a retaliatory tariff or NTB is always the equivalent of punching yourself in the face because someone else has punched themselves.

obviously, if you think that nations are stealing your IP due to lax enforcement, an individual company ought to stop shipping to them or to up their DRM. however, there is no governmental remedy. what could they do? ban exports of software to china?

how does that help US companies? all it does is disenfranchise them.

ban imports of chinese software? all that does is penalize american consumers.

 
At 6/07/2011 12:37 PM, Blogger Buddy R Pacifico said...

"ban imports of chinese software? all that does is penalize american consumers."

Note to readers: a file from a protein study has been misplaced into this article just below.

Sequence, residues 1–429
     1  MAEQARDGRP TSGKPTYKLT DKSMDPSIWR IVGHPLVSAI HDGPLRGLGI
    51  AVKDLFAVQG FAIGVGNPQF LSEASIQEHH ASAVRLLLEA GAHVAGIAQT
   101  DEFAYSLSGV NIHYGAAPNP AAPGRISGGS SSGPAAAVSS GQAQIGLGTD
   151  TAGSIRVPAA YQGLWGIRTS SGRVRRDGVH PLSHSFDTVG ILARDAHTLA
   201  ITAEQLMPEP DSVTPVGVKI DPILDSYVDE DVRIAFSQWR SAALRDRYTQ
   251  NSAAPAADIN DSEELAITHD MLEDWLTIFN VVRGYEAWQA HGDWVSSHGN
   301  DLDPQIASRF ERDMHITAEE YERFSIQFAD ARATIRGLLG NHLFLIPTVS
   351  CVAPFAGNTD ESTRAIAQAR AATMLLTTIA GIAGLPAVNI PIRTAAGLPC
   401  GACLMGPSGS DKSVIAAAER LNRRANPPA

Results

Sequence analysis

Why would the U.S. re-import software already available? Oh, I know, it would be cheaper because the cost of acquistion to the "manufacturer" was near zero.

 
At 6/08/2011 8:57 AM, Blogger Sean said...

morganovich,

Having some prboelms with my account, but briefly:


do you agree that free trade drives real growth?
Globally, always. Locally, in the vast majority of cases, but not every case.

do you agree that real growth drives job creation?
Yes.

to argue that tariffs save net jobs is to argue that lower growth promotes job creation.
Or at least that it reduces job destruction more than it hampers job creation. I can make an argument that there are cases where that can be true, mostly due to indirect affects like volatility and herd psychology.

 
At 6/10/2011 9:42 AM, Blogger Matthew said...

This argument is a bit like falling off a cliff 1,000 feet and then managing to climb 50 feet back up, and noting that you were making better progress than that time you stepped off the kerb into the road.